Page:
IUCN threat status:

Not evaluated

Comprehensive Description

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This is a native perennial plant that consists of a low-growing rosette of basal leaves, from which flowering scapes up to 10" tall emerge from the center. The basal leaves are up to 6" long and 4" across, and have long petioles. They are oval, parallel-veined, hairless, and have smooth margins that occasionally undulate. The petioles near the base of the rosette are light purple on some plants. The flowering scapes are unbranched and narrowly cylindrical. Each scape consists of a rather dense spike of tiny green flowers and their bracts. Each flower is less than 1/8" long and consists of 4 sepals, which are surrounded by lanceolate bracts. The blooming period usually occurs during the summer, and sometimes later if there is a major disturbance that prevents development of the flowering scapes. Pollination is by wind, rather than insects. The flowers rapidly turn brown, and are replaced by elongated seed capsules that are shaped like a tiny narrow acorn. They split open to below the middle by a lid, releasing 2-9 seeds each. The seeds are black, oval and slightly angular, with a tiny indentation in the middle of one side. There is no reticulation on the surface. These seeds become sticky when wet, and can attach themselves to blowing leaves and other passing objects. The root system is quite branched and coarsely fibrous.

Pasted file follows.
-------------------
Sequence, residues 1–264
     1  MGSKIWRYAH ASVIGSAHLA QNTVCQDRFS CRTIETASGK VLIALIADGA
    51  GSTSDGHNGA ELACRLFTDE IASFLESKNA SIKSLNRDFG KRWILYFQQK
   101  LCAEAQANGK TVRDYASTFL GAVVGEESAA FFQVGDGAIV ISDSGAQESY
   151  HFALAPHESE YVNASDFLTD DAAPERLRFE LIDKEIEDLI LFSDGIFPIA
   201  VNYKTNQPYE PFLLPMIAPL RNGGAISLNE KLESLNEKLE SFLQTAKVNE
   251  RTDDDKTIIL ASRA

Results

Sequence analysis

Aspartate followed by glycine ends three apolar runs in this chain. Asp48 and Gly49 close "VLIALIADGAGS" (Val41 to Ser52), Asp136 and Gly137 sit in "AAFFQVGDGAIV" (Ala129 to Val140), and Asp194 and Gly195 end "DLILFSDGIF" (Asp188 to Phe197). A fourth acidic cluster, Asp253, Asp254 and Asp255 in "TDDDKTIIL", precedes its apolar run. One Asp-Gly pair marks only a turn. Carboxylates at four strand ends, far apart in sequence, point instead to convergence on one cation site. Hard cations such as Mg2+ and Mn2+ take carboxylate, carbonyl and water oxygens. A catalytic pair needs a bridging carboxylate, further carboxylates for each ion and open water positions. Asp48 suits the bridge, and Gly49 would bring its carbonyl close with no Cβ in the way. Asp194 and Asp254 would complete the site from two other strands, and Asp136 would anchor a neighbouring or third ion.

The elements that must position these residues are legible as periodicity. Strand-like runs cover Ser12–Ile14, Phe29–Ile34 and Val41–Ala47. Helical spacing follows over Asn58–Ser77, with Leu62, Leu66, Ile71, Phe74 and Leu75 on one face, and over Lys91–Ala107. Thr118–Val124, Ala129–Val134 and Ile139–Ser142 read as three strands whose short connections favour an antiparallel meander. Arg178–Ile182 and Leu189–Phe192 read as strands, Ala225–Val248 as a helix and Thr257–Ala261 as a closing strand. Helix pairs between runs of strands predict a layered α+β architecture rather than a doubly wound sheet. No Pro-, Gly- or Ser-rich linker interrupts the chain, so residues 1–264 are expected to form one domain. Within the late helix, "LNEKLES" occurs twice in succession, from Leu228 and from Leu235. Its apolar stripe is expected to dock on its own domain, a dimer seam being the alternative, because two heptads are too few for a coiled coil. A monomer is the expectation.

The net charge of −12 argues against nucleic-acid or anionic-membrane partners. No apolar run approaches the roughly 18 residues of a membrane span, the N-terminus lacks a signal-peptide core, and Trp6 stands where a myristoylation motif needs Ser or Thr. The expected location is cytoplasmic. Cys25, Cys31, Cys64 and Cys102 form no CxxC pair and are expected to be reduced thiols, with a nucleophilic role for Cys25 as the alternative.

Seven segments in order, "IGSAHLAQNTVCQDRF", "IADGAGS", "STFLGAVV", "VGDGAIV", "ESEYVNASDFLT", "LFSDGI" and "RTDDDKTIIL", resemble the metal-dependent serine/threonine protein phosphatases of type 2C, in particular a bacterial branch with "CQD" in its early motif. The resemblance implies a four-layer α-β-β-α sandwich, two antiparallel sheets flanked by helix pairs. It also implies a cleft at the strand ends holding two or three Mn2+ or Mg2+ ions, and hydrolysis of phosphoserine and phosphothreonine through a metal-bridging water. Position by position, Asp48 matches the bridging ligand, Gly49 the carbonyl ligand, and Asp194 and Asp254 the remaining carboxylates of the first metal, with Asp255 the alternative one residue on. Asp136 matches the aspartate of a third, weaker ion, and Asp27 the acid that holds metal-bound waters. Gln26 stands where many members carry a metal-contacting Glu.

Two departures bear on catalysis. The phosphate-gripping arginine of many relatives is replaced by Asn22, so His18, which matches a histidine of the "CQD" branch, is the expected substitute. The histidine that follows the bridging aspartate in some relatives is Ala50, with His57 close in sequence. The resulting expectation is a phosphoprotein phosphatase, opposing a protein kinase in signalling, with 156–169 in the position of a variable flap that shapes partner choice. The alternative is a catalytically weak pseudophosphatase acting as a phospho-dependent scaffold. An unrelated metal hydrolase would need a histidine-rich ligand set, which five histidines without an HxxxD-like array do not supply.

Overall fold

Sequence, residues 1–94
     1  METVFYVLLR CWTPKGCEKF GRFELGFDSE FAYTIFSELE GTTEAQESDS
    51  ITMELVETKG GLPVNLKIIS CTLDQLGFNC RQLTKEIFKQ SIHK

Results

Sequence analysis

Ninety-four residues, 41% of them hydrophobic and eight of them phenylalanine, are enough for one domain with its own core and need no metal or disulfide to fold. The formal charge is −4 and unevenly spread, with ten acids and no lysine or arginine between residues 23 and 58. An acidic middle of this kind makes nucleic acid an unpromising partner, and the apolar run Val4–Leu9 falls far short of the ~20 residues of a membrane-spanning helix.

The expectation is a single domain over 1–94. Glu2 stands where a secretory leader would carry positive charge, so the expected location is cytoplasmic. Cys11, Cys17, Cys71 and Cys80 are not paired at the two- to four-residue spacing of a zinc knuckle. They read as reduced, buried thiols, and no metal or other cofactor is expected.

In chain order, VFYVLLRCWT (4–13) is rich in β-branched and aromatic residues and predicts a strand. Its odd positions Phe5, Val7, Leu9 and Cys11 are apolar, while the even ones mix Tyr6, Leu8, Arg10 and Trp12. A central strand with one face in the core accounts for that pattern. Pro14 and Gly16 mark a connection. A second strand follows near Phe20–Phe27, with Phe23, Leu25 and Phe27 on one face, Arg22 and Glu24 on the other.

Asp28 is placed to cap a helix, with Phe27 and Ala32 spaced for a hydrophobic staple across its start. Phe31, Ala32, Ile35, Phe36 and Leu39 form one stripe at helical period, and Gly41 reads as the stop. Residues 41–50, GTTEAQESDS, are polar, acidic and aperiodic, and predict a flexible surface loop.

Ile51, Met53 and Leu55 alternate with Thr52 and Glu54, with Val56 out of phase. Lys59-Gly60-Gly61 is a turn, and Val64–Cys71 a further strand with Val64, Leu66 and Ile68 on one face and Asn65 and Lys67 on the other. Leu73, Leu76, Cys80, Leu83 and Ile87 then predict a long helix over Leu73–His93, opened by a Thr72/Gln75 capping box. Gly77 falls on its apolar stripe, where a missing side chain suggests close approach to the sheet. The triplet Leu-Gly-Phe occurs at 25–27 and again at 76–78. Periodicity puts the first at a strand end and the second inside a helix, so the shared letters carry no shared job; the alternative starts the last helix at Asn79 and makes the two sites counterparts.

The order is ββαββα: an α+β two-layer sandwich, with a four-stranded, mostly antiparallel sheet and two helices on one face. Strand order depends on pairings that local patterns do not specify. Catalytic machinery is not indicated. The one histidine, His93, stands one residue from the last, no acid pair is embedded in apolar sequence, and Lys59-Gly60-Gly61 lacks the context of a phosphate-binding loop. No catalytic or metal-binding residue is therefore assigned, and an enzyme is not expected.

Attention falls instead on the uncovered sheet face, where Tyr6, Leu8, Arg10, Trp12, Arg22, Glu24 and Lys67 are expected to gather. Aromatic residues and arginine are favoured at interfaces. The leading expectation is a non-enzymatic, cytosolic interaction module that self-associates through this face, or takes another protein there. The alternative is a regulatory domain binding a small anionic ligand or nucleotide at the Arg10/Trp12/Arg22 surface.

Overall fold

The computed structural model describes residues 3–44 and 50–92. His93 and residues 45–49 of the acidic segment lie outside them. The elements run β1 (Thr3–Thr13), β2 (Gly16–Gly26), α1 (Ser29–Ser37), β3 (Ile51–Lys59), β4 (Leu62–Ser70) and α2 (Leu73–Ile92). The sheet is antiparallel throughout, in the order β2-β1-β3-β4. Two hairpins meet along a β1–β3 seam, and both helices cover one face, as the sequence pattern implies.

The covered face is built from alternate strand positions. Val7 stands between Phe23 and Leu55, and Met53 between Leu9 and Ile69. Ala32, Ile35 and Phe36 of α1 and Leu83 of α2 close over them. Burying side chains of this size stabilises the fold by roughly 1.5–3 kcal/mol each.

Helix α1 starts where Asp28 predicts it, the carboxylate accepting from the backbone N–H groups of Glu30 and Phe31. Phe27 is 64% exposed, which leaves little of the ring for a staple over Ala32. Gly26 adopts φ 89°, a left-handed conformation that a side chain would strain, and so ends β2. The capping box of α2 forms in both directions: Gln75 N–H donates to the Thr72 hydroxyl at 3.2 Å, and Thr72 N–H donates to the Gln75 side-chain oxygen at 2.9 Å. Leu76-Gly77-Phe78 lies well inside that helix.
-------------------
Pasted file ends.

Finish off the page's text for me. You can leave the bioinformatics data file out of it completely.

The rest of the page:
Creative Commons Attribution Non Commercial 3.0 (CC BY-NC 3.0)

© John Hilty

Source: Illinois Wildflowers

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